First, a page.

CCG expects spike in GP at Hand registrations after marketing drive

Numbers of patients registering with GP at Hand have spiked in recent weeks and are expected to continue to grow after an advertising campaign, the CCG hosting the service has said.

Phone consultation (Photo: iStock.com/diego_cervo)
Phone consultation (Photo: iStock.com/diego_cervo)

Board papers published by Hammersmith and Fulham CCG say that the practice - which has now officially been renamed Babylon GP at Hand - has 'recently commenced an updated marketing initiative comprising of both social media and physical adverts'.

Registration rates have 'increased over the last few weeks accordingly', the papers reveal, and are expected to continue to rise.

The number of patients registered with the GP at Hand service rose to 36,489 by 1 November - more than seven times the number of patients on the practice list 12 months earlier.

Patient list

Almost half of patients registered with the service are aged between 20 and 29 years old, and around 83% are aged 20-39 - sparking accusations of 'cherry picking', which have been denied by GP at Hand and the company Babylon, on whose technology the service relies.

The rapid rise in patient numbers at the practice has left Hammersmith and Fulham CCG struggling financially. Earlier this year, the CCG warned it would need an £18m bailout from NHS England to cope with the sharp rise in patients from outside its geographical area signing up with GP at Hand.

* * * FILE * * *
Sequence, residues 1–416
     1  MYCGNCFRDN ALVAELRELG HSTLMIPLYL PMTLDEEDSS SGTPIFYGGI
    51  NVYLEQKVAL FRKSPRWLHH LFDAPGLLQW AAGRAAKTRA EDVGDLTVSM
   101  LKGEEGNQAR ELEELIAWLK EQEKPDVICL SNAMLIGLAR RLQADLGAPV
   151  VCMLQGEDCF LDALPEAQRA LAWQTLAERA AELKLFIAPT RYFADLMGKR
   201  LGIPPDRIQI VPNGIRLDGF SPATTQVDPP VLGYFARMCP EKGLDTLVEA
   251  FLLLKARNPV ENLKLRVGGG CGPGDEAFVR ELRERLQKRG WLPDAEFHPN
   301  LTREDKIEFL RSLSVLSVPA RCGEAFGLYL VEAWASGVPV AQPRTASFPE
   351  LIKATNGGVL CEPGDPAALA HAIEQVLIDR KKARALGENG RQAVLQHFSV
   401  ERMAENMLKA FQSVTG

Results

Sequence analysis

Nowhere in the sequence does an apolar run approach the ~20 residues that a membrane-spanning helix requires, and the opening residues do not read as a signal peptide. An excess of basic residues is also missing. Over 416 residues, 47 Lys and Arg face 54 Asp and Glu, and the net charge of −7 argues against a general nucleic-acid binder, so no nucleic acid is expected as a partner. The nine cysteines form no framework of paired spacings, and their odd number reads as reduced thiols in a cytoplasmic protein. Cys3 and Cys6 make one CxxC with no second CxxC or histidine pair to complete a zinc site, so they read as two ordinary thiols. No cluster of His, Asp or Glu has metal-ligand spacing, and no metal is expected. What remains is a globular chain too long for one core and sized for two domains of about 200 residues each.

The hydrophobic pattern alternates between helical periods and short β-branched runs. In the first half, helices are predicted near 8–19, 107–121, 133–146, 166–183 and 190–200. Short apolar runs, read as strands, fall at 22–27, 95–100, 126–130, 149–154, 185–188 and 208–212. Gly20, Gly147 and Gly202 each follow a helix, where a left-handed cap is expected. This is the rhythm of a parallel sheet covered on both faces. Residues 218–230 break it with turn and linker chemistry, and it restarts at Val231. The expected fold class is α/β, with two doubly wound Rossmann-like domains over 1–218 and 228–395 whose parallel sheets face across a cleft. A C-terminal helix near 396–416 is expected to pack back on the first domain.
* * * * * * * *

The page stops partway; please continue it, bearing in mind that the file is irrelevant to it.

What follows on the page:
However, the latest board papers say NHS England has 'continued to provide assurance that the financial impact of GP at Hand on the CCG will be fully mitigated'.

Hammersmith and Fulham CCG's board papers say 'around 2,500' patients a month have been signing up, but that this has been 'offset by a number of patients leaving the practice'.

Expansion blocked

The CCG papers confirm that GP at Hand remains prohibited from expanding outside the London region while NHS England staff 'work through possible solutions' to potential problems identified with a proposed expansion to Birmingham.

Meanwhile, the CCG documents confirm that a list of restrictions on who can register with GP at Hand will be removed from the practice's website, although patients 'will still be advised that sometimes it may not be clinically appropriate for them to register with a practice that is not local to their home'.

A Babylon webpage entitled 'Can anyone register?' currently says that the NHS believes the service may be less appropriate for:

  • Women who are or may be pregnant (If you are pregnant, NHS England advises that you register with a GP practice close to where you live).
  • Adults with a safeguarding need.
  • People living with complex mental health conditions.
  • People with complex physical, psychological and social needs.
  • People living with dementia.
  • Older people with conditions related to frailty.
  • People requiring end of life care.
  • Parents of children who are on the ‘Child at risk’ protection register.
  • People with learning difficulties.
  • People with drug dependence.

In an update on clinical risk management at Babylon GP at Hand, the CCG says an assessment of technology products used by the service have met required NHS safety standards.

Health secretary Matt Hancock said last month that the GP funding model may have to change to accommodate the emergence of services such as Babylon.

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